Made in Eastern Iowa: Finding Fiber From Alpaca
Vicky Goble finds herself surrounded by 28 alpaca and three llamas. The colors are varied but all of the "boys", as Vicky calls them respond to her voice and her ever-present feeding bag.
"C'mon, boys! C'mon guys! Here, buddy."
Quite the transition for the former emergency room nurse of 17 years who found something new.
"Up until about eleven years ago, I was full-time nursing," said Goble. "I just hit that wall they walk about where it's time to do something different. While I was trying out a couple of different nursing departments, I was also knitting. At the same time, I found alpacas."
As the herd grew, so did her decision to turn a love of the alpaca into something more.
"They were an animal that I could keep for a lifetime," said Goble. "When I started getting up around 12 or 13 animals, it was time to sell something because, otherwise, there was no purpose in producing fiber. That's when I took it from a general enjoyment into a business."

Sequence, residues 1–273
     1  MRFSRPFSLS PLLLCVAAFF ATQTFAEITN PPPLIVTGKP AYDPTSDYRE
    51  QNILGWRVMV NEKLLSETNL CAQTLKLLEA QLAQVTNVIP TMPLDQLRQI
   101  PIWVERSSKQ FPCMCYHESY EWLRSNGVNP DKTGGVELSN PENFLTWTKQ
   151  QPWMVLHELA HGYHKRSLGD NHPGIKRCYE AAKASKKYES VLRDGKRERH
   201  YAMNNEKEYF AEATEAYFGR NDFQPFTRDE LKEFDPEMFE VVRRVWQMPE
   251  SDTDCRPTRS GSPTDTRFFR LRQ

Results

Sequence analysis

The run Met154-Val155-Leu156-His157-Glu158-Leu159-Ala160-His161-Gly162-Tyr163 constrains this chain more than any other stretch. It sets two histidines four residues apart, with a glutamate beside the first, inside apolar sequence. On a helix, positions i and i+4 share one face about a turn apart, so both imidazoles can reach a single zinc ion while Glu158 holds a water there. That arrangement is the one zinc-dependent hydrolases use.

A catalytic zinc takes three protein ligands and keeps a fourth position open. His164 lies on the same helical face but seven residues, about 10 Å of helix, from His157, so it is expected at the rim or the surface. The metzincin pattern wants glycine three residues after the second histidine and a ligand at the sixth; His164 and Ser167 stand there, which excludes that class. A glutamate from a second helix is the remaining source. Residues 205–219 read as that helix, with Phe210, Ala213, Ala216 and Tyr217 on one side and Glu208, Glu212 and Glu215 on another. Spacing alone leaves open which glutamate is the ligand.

Goble's business is Fiber Heart, with a retail store on Main Street in the heart of Dysart, along with a smaller shop at the farm, north of Vinton.
"Alpacas are relatively new to Iowa," said Goble. "We know sheep but we, generally, don't like to buy sheep fiber. You get a lot of volume of product but not a lot of quality. (People) are almost afraid of (alpaca) because it's a luxury fiber."
She added that much of her work is educating people about alpaca, its fiber and some of the perceptions about them.
"They're spitting animals but that's their only defense mechanism," said Goble. "They're relatively harmless. They only have bottom teeth. They don't have top teeth so they can't bite you. They only have soft pads on their feet because they're originally a mountain animal. My 'boys' are so spoiled that they only spit if there's grain involved or they get a treat."
Goble said that her alpaca are considered 'throw-off animals', in that they're not used for genetics. The animals that come to her farm stay on it and, for this spring, she just finished what she called her harvest season.
"Once a year, I shear, and that's my harvest. It takes them a full year to regrow their fiber. It'll grow anywhere from three to four inches."